Idyll can be said to be a kind of painting, and usually draws shepherds and animals kept as shepherds in the countryside. It is spoken in an unpretentious way, with three elements of human beings, animals, and the natural environment as constituent elements so as not to become harmonious consistency, landscape paintings, genre paintings and animals. In this combination nature is drawn in a simple and realistic way.
The subject of idle is usually the net people who live in a situation not civilized, taking up that naive way of thinking, still living a happy and cheerful life. On the contrary, ignore the real misery associated with rural poverty. That approach is not humorous, it is emotional and sometimes sentimental.
Roman poets such as Vergil and Catull or the English poet Tennyson have imitated this poetry. In the German literature, the idyll in the 18th century had a heyday. Salomon Gessner was particularly influential. At the end of the 18th and the beginning of the 19th century, the reinterpretation of the idyll began, partly with socio-critical intentions as in Johann Heinrich Voss, partly as an end in a bourgeois idyl as in Johann Wolfgang Goethe’s Hermann and Dorothea (1797) or even completely in one urban environment transplanted as in Johann Martin Usteris De Herr Heiri or in Jonas Breitenstein’s Der Ehrli. The literary idyll of the topos of the locus amoenus, the lovely place, often located on a remote spring or in a quiet grove. Closely connected is the idyll – at least in modern imagination – with the idea of a mythical Arcadia, a place beyond all social constraints.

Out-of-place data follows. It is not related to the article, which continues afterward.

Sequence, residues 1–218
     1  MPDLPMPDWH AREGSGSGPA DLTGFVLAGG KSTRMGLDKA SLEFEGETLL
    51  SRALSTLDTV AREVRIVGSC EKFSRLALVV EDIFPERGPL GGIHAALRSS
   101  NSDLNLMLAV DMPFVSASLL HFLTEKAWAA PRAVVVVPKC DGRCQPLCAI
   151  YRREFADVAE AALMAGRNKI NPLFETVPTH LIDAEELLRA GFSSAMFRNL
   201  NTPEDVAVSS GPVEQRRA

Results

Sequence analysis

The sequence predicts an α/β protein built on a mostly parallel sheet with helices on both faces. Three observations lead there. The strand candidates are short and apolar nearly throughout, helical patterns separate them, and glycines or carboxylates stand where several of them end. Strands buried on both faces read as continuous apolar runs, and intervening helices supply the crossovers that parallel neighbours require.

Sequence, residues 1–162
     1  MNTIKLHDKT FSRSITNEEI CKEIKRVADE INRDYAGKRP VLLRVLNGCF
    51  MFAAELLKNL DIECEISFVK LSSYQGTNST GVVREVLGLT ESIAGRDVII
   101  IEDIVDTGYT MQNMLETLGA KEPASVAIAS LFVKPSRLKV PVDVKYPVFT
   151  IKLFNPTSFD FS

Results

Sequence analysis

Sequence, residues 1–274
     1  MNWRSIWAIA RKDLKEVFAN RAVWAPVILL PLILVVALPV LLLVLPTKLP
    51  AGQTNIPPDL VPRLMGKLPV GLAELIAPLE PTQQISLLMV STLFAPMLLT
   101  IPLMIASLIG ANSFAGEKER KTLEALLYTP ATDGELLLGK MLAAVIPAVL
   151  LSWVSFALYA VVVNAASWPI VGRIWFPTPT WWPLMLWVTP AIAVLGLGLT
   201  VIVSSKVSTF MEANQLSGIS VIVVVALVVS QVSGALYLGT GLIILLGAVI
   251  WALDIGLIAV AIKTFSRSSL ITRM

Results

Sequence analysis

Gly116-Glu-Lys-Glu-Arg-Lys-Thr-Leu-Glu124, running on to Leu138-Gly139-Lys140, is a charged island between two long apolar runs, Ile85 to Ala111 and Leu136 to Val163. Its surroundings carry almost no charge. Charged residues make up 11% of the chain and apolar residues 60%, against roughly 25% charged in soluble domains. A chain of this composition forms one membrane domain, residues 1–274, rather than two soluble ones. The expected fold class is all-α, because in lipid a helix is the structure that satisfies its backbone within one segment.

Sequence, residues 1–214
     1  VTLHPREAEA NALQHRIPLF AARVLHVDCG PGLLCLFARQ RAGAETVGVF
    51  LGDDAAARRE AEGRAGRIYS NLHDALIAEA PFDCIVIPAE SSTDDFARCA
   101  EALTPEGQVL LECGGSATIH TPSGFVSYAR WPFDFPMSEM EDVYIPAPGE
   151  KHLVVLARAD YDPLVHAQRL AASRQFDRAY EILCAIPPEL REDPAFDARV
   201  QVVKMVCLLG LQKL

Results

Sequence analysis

Johann Heinrich Voss solved the concept of the attachment to the country life and above all the mood content of the “perfect world” and the harmonious coexistence. His idylls represent basic human attitudes such as love, contentment, but also superstition or striving for freedom in easily manageable scenes. With his “rural poem in three idylls” Luise he paved the way to the mini epic, which began with Goethe’s and Dorothea and immediately the Peak reached. In contrast to the static idyll, the epic describes a happening in which an unforeseen event leads to new developments.
Within American literature, the idyll with the Amish Romance Novel has found a certain revival since the 2000s.